Workers' Compensation: Rx for Policy Reform
Table of Contents
Do Economic Incentives Matter?
How do workers respond to incentives of the workers' compensation system? Researchers have found that benefit increases distort their behavior in ways that increase costs. These costs are paid by employers in the form of higher insurance premiums and by employees in the form of lower wages.
The Effect of Higher Wage Replacement Rates. The higher the wage replacement rate, the greater the potential economic reward for workers who file claims. Do workers respond to this economic incentive? The evidence suggests that they do. In general, if the financial rewards for making a claim increase, there will be more claims, particularly lost time claims. This is sometimes called "claiming behavior."21 Studies have found, for example, that a 10 percent increase in the wage replacement results in:
- a 2.5 percent to 5 percent rise in the total number of claims made,22
- a 6 percent increase in the relative frequency of lost time claims,23 and
- a 7 percent rise in the number of people receiving benefits - due to both the increased number of claims and the longer receipt of benefits.24
Conversely, in the 1990s a number of states reduced some types of indemnity benefits. Partly as a result of these changes, the frequency of claims and injuries declined countrywide. The growth in employer costs for insurance also moderated.
The effect of benefit increases on claims is different for employees of larger firms than for employees of smaller firms, according to an analysis of longitudinal data on claims for manufacturing firms from 1979 to 1984.25 The greatest increase in claims was for establishments with fewer than 100 employees, where each $50 increase in weekly indemnity benefits raised claim rates by 18 percent. In establishments with 500 or more employees, the same increase in weekly benefits increased injury rates only 4 percent.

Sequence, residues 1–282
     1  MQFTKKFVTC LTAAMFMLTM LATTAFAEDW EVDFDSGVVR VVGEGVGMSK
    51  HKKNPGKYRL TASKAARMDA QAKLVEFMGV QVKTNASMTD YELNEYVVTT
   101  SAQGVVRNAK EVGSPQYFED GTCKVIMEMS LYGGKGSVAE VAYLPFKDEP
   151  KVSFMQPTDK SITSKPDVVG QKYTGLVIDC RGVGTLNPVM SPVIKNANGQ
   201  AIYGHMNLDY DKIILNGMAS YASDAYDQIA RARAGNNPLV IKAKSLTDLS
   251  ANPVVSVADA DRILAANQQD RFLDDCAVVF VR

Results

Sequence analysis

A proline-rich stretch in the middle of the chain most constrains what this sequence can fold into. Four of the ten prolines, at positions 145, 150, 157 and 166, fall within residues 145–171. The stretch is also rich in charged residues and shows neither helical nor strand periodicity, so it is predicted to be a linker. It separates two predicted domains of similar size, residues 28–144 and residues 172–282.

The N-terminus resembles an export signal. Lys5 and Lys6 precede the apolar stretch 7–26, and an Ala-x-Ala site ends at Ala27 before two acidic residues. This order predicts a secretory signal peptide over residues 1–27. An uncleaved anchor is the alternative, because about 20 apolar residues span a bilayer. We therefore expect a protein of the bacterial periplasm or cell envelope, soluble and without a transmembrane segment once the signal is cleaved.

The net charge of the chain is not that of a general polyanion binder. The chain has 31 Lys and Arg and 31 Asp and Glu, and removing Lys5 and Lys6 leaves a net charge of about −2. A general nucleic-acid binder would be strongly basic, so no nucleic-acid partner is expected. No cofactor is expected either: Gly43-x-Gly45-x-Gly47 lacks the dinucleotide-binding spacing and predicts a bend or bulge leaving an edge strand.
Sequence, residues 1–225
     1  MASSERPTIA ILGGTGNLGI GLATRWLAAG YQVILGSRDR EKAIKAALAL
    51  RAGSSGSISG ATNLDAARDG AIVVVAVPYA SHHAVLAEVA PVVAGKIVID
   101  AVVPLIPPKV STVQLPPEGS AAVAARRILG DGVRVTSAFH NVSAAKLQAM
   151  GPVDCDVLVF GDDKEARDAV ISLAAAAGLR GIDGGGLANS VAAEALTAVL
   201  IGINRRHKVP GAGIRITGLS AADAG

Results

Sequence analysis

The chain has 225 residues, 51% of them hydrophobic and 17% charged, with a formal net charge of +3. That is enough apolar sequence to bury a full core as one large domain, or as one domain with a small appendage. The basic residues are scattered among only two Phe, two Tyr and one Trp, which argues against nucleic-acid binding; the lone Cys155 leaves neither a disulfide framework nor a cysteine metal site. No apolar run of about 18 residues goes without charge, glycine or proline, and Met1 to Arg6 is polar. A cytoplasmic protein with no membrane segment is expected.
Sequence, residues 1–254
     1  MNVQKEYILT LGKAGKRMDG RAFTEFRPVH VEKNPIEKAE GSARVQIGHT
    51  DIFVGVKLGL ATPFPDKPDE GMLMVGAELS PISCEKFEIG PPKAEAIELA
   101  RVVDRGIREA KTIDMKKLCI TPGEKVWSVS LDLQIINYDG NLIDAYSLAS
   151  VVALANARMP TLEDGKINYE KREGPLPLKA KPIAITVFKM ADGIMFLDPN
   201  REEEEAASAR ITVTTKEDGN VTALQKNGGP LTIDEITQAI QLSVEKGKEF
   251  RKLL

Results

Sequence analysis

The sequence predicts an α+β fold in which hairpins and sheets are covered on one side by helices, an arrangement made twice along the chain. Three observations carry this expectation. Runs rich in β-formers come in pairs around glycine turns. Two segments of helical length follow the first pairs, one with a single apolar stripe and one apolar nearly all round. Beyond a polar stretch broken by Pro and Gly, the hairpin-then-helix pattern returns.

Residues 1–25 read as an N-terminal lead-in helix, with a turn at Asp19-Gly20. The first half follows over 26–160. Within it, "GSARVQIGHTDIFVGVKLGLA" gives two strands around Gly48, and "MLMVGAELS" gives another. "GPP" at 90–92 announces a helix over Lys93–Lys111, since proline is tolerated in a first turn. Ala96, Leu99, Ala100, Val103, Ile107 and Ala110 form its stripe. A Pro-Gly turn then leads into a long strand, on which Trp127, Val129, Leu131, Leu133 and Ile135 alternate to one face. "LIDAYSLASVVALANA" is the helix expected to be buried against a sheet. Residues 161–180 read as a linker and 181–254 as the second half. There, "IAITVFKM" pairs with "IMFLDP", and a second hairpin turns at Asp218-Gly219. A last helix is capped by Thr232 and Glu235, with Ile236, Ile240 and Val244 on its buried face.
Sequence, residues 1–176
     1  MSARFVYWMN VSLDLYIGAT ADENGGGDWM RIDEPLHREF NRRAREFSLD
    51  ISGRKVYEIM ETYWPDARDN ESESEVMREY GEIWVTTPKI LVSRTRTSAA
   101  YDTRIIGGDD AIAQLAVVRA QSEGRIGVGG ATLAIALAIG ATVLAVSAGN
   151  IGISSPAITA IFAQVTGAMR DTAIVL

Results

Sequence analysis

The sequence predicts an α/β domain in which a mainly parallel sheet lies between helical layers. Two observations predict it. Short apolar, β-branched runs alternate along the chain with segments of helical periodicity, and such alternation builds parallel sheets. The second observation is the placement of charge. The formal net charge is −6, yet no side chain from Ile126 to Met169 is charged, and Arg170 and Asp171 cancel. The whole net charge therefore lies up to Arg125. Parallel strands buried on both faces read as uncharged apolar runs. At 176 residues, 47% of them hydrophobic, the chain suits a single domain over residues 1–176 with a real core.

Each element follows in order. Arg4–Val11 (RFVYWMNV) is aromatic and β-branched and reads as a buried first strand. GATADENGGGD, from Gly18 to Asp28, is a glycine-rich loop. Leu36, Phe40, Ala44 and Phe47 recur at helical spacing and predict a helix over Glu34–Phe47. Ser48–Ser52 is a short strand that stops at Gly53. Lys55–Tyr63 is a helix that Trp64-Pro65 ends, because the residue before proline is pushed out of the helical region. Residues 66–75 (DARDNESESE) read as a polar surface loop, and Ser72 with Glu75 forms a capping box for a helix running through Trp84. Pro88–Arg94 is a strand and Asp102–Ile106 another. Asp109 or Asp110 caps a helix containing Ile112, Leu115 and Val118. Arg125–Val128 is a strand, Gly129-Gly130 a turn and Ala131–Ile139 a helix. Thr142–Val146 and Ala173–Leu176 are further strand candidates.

Why the difference in the behavior of workers at different size firms? Larger firms are more likely to offer short-term disability benefits apart from workers' compensation. Thus the smaller rise in claims among employees of large firms indicates that workers' compensation indemnity benefits substitute for disability insurance, and the benefits are less valuable to employees if they have alternative short-term disability coverage.
“Higher wage replacement increases injured employees’ time away from work.”
The wage replacement rate affects not only the number of claims filed, but also the type of claims filed. One study found that following an increase in the percentage of weekly wages replaced by indemnity benefits in Texas there was a sharp increase in the percentage of indemnity claims compared to medical-only claims.
Furthermore, a statutory increase in wage replacement benefits is also statistically associated with employees' remaining away from work longer than medically necessary to recover from their injuries. For example:
- A 5 percent increase in the minimum and maximum wage replacement benefits in Minnesota led to an 8 percent increase in the duration of disabilities for employees affected compared to those not affected.26
- A 10 percent increase in the maximum weekly benefits for temporary total disability that only affected some high-wage employees in Kentucky and Michigan increased the average duration of disability among the affected employees by 3 percent to 4 percent.27